How Many “ISIS-Affiliated” Groups Are Really ISIS? Does It Matter?

Jordan, Lebanon, Saudi Arabia, Southeast Asia: ISIS Is Spreading, and Spreading Fast

Jordan, Lebanon, Saudi Arabia, Southeast Asia: ISIS Is Spreading, and Spreading Fast

The Slatest
Your News Companion
Feb. 17 2015 3:11 PM

How Many “ISIS-Affiliated” Groups Are Really ISIS? Does It Matter?

457943136-islamic-state-black-flag-flies-neasr-the-syrian-town-of
An ISIS flag flies near the Syrian town of Kobani on Oct. 27, 2014.

Photo by Kutluhan Cucel/Getty Images

Egypt carried out airstrikes against ISIS targets in Libya over the weekend in response to a video showing the beheading of 21 Egyptian Christians. The strikes are Egypt’s most high-profile attack against the group yet, and also a sign that the global conflict with ISIS is spreading beyond the central battlefield in Iraq and Syria. In Libya the group has been gaining clout for some time and now controls the city of Derna, near the Egyptian border. Here are some other places ISIS is believed to be making inroads:

Joshua Keating Joshua Keating

Joshua Keating is a staff writer at Slate focusing on international affairs. 

Egypt: Before the Libya strikes, Abdel Fatah al-Sisi’s government had been battling ISIS-linked militants in the Sinai Peninsula. The local affiliate, known as Province of Sinai, killed 32 people in an attack on soldiers and police in January.

Advertisement

Algeria: Jund al-Khilafa, a splinter group of al-Qaida’s North African affiliate, al-Qaida in the Islamic Maghreb, declared allegiance to ISIS last fall. The group made international headlines with the beheading of a French hiker in September.

Jordan: Support for ISIS is believed to be strong in parts of southern Jordan, and the country, which shares borders with both Iraq and Syria, is a leading contributor of fighters to the Syrian civil war. But ISIS may have miscalculated with the burning of Jordanian pilot Moaz al-Kasasbeh, which enraged even some of its sympathizers.  

Lebanon: ISIS doesn’t hold any territory in Lebanon, where Syrian refugees now make up a quarter of the population. But the group has been blamed for a number of terrorist attacks in the country and has threatened more.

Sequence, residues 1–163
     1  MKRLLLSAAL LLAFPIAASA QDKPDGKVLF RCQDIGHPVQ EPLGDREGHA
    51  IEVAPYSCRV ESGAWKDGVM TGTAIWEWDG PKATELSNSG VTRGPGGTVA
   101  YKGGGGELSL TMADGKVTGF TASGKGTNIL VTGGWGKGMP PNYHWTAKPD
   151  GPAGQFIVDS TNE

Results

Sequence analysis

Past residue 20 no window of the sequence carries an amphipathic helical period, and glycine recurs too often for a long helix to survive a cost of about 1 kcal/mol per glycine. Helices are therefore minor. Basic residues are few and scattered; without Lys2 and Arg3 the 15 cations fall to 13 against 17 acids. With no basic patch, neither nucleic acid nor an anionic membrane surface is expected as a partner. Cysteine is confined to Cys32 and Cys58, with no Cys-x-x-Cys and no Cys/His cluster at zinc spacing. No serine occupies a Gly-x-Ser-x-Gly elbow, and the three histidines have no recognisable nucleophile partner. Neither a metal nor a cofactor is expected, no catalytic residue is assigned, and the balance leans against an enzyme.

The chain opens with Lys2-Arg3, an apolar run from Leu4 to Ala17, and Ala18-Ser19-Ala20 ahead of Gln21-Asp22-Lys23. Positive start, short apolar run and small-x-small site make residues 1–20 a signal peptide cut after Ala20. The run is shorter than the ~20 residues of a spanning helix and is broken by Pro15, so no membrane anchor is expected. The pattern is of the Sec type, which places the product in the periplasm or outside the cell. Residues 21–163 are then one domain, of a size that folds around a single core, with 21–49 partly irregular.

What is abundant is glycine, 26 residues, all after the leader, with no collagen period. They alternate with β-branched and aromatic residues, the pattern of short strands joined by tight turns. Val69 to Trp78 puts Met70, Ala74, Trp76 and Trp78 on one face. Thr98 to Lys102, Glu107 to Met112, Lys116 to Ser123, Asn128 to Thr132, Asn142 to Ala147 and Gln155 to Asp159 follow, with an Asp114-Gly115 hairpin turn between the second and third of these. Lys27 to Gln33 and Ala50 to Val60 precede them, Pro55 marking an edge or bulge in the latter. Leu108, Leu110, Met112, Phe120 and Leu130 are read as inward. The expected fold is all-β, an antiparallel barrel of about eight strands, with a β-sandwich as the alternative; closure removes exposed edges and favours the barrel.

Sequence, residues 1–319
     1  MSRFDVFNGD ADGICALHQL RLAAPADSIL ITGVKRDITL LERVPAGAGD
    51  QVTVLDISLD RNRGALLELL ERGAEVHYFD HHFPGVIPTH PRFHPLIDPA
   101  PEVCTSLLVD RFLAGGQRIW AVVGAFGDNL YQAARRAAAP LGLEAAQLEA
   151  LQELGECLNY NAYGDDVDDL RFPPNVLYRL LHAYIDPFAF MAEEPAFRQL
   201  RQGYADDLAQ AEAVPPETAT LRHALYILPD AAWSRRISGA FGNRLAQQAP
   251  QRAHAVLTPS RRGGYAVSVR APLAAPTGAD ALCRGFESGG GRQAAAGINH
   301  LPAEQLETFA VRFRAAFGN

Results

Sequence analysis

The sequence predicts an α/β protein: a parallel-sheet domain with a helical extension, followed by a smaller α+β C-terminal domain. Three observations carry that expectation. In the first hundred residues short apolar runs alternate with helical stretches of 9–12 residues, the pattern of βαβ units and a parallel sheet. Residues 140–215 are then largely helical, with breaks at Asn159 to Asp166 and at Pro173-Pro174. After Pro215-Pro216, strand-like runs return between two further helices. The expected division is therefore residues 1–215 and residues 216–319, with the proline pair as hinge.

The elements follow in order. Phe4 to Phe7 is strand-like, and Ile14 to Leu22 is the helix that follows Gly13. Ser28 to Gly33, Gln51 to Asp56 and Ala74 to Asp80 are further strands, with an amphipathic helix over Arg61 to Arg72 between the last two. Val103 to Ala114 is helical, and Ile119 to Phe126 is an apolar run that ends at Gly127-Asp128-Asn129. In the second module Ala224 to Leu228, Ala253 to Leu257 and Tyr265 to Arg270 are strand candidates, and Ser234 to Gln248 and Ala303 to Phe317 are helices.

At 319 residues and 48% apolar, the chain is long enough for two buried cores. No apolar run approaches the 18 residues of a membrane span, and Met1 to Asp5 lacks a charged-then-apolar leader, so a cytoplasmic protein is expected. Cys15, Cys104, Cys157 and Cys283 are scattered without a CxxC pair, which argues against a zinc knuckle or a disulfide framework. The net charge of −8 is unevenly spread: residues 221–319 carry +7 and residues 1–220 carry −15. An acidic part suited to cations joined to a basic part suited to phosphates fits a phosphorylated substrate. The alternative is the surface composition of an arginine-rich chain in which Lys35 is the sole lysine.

Yemen: Yemeni officials say the group has thrown its hat into that country’s volatile conflict, competing with the still more dominant al-Qaida in the Arabian Peninsula.

Advertisement

Saudi Arabia: While many blame Saudi funding for facilitating ISIS’s early rise, a charge the government rejects, the kingdom has also been threatened by the group. Saudi Arabia claimed to break up a local ISIS cell last summer

Afghanistan/Pakistan: Several former Taliban commanders have pledged their allegiance to ISIS, and this month, the U.S. military carried out its first strike against one of them in Afghanistan. A number of members of the Pakistan-based Tehrik-i-Taliban  have defected to a new ISIS-affiliate as well.

Former Soviet Union: A number of Uzbeks, Tajiks, and Russians from the Caucasus are believed to be fighting for ISIS. A group of Tajik militants fighting for influence in the Fergana Valley, long a hotbed of Islamist militant activity, have declared their allegiance to ISIS, as have some fighters in the North Caucasus.

Southeast Asia: Authorities in Malaysia and Indonesia say local radical groups planning attacks there have pledged allegiance to ISIS.

Advertisement

And beyond: ISIS sympathizers have carried out attacks in Canada, Australia, and most seriously in France, though in all of these cases, the attackers were most likely sympathizers acting on their own rather than under specific orders from the group. Alleged ISIS cells have been busted by authorities in Belgium, Spain, and Germany. At least 100 Chinese citizens are thought to be fighting for ISIS, raising concerns that the group could operate in that country’s already restive Xinjiang region. One of the group’s leading online propagandists turned out to be in India. But while a significant majority of Americans are concerned that the group is active in the United States, there’s been little evidence of such activity so far.      

As always, there’s a definitional problem when it comes to figuring out what is and isn’t ISIS. With the possible exception of its new Libyan affiliate, none of the groups outside Iraq and Syria actually controls any territory. The Islamic State is also believed to have lower criteria for membership in the franchise than its rivals in al-Qaida, who were more concerned about diluting their core brand.

Groups and individuals are often deemed “ISIS-affiliated” in the media simply because they say they are. Even then, it’s not always clear. Boko Haram leader Abubakar Shekau has stated his support for ISIS leader Abu Bakr al-Baghdadi, but even some ISIS supporters are confused about whether the two organizations are actually affiliated or just simpatico. 

This might seem like hair-splitting but it’s really of the utmost importance considering that President Obama is asking for authority, without geographic limitation, to use force against ISIS as well as “individuals and organizations fighting for, on behalf of, or alongside” it. It’s not 100 percent clear which groups that language would apply to, but it’s definitely clear that the list is growing.